Taking this average time to maturity of 128 years, we note that it works out at approximately one seventh of the total average life span of 912 years. The proportion is most reasonable in the light of the fact that although other mammalian species show a fairly wide variation, in most higher animals growth to maturity relative to duration of life is in the proportion of one-sixth, for such creatures as rabbits, dogs, horses, camels and elephants.
(98) It may also be remembered that Hesiod spoke of the tradition that men were still children at 100 years in the so-called Silver Age: and Isaiah (65:20) looked forward to a return of this situation in the Golden Age yet to come when anyone dying at 100 years of age would be considered still only a child. It may further be recalled that Simms, Selye, and Huxley are now willing

98. Kahn, Fritz, Man in Structure and Function, New York, Knopf, 1960, vol.1, p.57.

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to admit that for man to be capable of living a thousand years no longer seems so absurd as it did even fifty years ago. (99)
     But in their book on the history of human mortality, Acsadi and Nemeskeri dismiss the Genesis account as of little substantial worth because they cannot accept the possibility that man once lived so very much longer than he does now. So they attempt to explain the figures away by saying:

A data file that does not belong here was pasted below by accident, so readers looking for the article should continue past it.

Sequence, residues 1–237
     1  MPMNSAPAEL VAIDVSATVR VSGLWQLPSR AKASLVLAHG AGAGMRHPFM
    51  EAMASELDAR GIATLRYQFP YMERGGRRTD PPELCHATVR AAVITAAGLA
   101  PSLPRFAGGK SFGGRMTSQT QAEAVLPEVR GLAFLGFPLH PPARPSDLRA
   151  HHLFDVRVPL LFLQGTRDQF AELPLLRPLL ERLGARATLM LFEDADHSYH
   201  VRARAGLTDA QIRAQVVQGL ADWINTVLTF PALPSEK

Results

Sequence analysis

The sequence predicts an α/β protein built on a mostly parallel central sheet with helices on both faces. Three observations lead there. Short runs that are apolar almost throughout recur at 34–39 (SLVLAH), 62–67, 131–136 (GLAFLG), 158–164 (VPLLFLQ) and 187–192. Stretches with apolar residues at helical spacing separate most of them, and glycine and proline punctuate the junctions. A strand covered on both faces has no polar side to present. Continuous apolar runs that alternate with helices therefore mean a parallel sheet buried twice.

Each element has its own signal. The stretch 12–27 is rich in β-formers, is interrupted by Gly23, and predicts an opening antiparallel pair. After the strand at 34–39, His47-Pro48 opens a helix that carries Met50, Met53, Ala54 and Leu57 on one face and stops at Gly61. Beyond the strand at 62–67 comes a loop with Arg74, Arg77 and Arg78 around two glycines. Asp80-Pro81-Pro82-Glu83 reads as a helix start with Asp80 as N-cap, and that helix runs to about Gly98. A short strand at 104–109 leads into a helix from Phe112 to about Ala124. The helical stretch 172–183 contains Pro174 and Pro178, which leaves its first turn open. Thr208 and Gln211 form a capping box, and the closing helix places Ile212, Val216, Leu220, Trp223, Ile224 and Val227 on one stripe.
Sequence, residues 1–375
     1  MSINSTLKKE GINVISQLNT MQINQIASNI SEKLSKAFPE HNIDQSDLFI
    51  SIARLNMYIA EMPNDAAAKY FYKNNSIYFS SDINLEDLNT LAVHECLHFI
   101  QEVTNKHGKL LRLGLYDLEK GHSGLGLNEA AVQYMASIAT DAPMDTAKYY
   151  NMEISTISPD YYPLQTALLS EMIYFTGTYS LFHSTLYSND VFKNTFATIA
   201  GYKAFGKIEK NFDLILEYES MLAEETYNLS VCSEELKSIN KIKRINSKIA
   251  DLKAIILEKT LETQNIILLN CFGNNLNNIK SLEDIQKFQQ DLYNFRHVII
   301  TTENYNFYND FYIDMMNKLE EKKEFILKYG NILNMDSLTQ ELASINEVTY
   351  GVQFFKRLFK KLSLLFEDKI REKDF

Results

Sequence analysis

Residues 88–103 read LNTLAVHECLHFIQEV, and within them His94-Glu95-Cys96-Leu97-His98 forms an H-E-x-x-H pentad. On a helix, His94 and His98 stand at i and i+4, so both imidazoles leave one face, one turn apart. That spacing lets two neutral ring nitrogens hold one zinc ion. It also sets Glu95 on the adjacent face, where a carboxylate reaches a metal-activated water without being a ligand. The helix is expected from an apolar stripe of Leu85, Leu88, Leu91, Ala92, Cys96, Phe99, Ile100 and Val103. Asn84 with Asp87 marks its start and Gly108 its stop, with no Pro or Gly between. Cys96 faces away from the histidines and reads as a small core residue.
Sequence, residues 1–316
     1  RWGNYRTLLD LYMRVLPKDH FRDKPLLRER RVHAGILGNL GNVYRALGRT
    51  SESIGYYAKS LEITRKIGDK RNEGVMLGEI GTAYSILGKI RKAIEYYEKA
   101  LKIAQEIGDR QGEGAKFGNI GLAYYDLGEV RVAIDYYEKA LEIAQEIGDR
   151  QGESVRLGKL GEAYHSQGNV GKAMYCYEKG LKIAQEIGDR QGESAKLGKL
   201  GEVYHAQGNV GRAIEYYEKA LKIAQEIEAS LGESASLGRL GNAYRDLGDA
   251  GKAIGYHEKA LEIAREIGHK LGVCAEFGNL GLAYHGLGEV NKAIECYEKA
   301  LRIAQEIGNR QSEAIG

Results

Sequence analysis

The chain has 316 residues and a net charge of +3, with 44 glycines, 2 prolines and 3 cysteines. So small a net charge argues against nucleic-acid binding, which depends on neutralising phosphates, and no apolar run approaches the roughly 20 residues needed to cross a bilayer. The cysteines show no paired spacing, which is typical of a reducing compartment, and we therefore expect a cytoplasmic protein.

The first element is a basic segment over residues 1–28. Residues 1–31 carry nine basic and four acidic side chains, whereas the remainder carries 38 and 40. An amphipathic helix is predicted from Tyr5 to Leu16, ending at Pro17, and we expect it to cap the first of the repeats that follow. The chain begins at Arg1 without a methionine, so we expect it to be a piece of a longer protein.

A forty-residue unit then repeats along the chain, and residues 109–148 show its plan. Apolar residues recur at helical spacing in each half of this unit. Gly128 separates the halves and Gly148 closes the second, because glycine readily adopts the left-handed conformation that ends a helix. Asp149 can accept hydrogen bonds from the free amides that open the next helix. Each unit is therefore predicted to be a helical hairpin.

Observations over many centuries show evidence of the fact that individual spans of life may vary from the normal both by their brevity and their exceptional length. Indeed many examples of longevity have been recorded in literature but there is little value in the reports. In the Bible, for instance, Methuselah was accredited with 960 years, but recent critical investigations into the source have reduced this figure to 74, as the original calculation was based on 28-day lunar years.

     In other words, we are to read the years of Genesis as months: Methuselah really only lived 969 months, not 969 years! This observation is a classic example of the nonesense that can emerge when otherwise intelligent individuals allow what is a proper caution in dealing with unverifiable data to degenerate into unwarranted scepticism entirely prompted by personal bias with respect to biblical statements.
     They speak with complete confidence of "investigations into the source" of the information in Genesis, though there is absolutely no way of knowing what that source was! Actually, it was probably 'common knowledge.' But what incredible nonsense it is to speak about "the source" of something which must have been known to everyone in the community at the time. And how utterly ridiculous to pronounce that lunar years were the unit of measurement, for if this principle is applied generally to the record in Genesis, we are left with the interesting conclusion that Adam begat a son when he was 10, Seth when he was 8 1/2, Enos when he was just over 7, Cainan when he was 6, and Mahalaleel when he was only 5 1/2 years of age! The figures are patently absurd if we read the years as months.